So now it's true confession time. The CD I chose to listen to and sing along with was from a lifetime collection of John Denver. Yes, you read that right--I said John Denver. The first album (back in the dark ages when 8-track tapes and vinyl records still existed) I ever bought for myself was a John Denver album. I can't remember if it was "Back Home Again" or an earlier one, but John Denver was definitely the first artist whose music I ever wanted to own. I admit that it was an odd choice for a person of my age at the time (early-to-mid 70s or thereabouts), and I seriously doubt that any of my friends were listening to him (FYI, I got plenty of Elton John from my oldest sister, so I wasn't completely out of the mainstream), but I loved him then and I love him (his music, that is) to this day. So I spent the last couple of hours of my drive singing along with my old best friend John, and although the music wasn't exactly seasonal, it still touched a chord that resonated with all the things that are dear to me, and isn't that in some ways what this season is about?
Okay, so now that I've admitted to that, I am going to go celebrate the longest night of the year by watching yet another Sex and the City DVD (I'm closing in on the last episodes) and probably stay up way later than I should, given the packed week ahead that I'm facing. I'm looking forward to the holidays as a chance to get some dog working in, along with some much needed chores (cleaning stalls, cleaning the chicken house--you know, fun stuff like that). And maybe I can even work off some of the gastronomic excesses I've indulged in way too much lately.
Thursday, December 18, 2008
Tony, Mary, and I sent a few lambs to be butchered on Monday and we got the pelts back Tuesday. I spent yesterday afternoon and this morning trimming and salting them. Probably by the time they're ready to go it will be Christmas and Bucks County Fur Products will be closed for the holidays, so it will probably be after the 1st before we can send them off. I still have the two nice karakul pelts to send off, but figured I'd wait and send them all together. These aren't big pelts, but they'll make nice chair pads or crib pads, or, if I want to be very generous, maybe a cat bed for poor old Elvis.
ETA: I forgot to tell the best part of this story! I took my two pelts up to the old chicken house yesterday evening, stacked a bunch of pallets to make a handy "workbench" and then salted them down. There's no way you can do all that without sort of smelling like the pelts themselves (trust me, it's not pleasant). I needed more salt, so I took off to the Food Lion in Liberty. Well you know I work from home mainly, so I don't really worry about being a fashionista, and yesterday was no different. I was wearing a quite attractive get up: high-water sweat pants, coupled with pull on ankle-high rubber muck boots (hey, at least the two overlapped), which were also coated in red mud from the dirt floor of the chicken house and a much-stained sweatshirt over a beat-up t-shirt. My hair was probably looking a little wild too. I realized the picture I made, of course, but had no desire to take the time to go home and make myself presentable, so off I went, hoping that the time of day (before 5 p.m.) would save me from too much embarassment. Since I was already going to be out, I decided to stop by the local Chinese place and pick myself up some dinner. I give the folks there credit for not staring, though I'm sure they didn't much appreciate the red boot prints I left on their entrance rug. While I waited for my dinner, I scooted over to the Food Lion to pick up a bag of salt and a few other items. The place was packed! Where had all these people come from? And what were they thinking when they saw me in my lovely attire? Probably they thought I was just one more character: a piece of work who didn't know better than not to leave home like that. Oh well, at least I didn't have to worry about anyone jostling me in the busy store. Most folks gave me a wide berth....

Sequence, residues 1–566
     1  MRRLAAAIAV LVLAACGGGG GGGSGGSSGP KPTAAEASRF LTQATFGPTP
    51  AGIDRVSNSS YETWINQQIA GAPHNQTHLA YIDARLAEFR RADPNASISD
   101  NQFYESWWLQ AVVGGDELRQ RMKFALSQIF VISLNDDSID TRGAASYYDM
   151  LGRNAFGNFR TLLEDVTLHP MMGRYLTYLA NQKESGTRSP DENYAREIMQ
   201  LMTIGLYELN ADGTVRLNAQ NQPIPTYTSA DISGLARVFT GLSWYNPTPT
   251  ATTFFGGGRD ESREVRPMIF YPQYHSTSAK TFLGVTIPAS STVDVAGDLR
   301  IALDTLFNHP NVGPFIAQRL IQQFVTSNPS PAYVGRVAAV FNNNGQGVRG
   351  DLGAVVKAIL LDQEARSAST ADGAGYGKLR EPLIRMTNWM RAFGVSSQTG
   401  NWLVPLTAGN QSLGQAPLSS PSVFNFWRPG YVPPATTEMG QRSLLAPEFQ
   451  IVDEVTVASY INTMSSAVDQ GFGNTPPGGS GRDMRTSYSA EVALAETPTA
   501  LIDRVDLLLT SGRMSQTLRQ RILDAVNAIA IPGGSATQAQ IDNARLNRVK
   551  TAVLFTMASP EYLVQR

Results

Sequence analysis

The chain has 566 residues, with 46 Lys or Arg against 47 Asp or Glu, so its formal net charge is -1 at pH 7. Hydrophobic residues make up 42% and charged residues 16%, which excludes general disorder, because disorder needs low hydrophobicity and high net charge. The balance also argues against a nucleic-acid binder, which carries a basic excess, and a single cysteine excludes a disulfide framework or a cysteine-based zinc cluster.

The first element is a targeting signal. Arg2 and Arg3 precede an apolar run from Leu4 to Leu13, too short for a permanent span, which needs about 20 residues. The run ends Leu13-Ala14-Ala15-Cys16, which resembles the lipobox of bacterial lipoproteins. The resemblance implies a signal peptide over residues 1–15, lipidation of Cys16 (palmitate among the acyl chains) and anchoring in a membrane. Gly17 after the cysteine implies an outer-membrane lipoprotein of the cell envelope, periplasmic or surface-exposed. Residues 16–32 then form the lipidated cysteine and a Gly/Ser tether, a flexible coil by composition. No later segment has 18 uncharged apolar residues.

Other than that, we're just slogging through grey, dreary days here. I don't think I've seen the sun in a week, and that's just depressing. I'd never make it in the PNW, that's for sure!
Wednesday, December 17, 2008
I know Rob Drummond has made copies of the Arnold whistle, and I even have a brass one that I bought while in Gettysburg at the 2007 sheepdog finals. But that brass whistle is a lot thicker than the stainless steel Arnolds I have and it feels really odd in my mouth. Note to anyone who gets a new whistle like that: Don't wait till a really important trial to pull it out and use it for the first time. That's what I did with that brass whistle at Edgeworth last year. Brass whistles are supposed to carry further, and Edgeworth is a big course, with a 600-yard outrun. So I grabbed the new brass whistle and walked to the post. I put it in my mouth, noticed the oddness of the feel, and then proceeded to try to "talk" to my dog with it. On my first attempt, I didnt' even get a sound! Gah! The fact that the whistle was thicker meant that I had to figure out a different way to hold my tongue against it to get the same sounds I was used to from my SS whistle. Standing at the post at a big trial is NOT the place to do that!
If I try using the replacement Arnold and find I can't live with the sound then I may try a copy from Bordercollics Anonymous--but I'll be sure to take measurements of the whistle I have to make sure that what they have is no thicker than what I'm used to.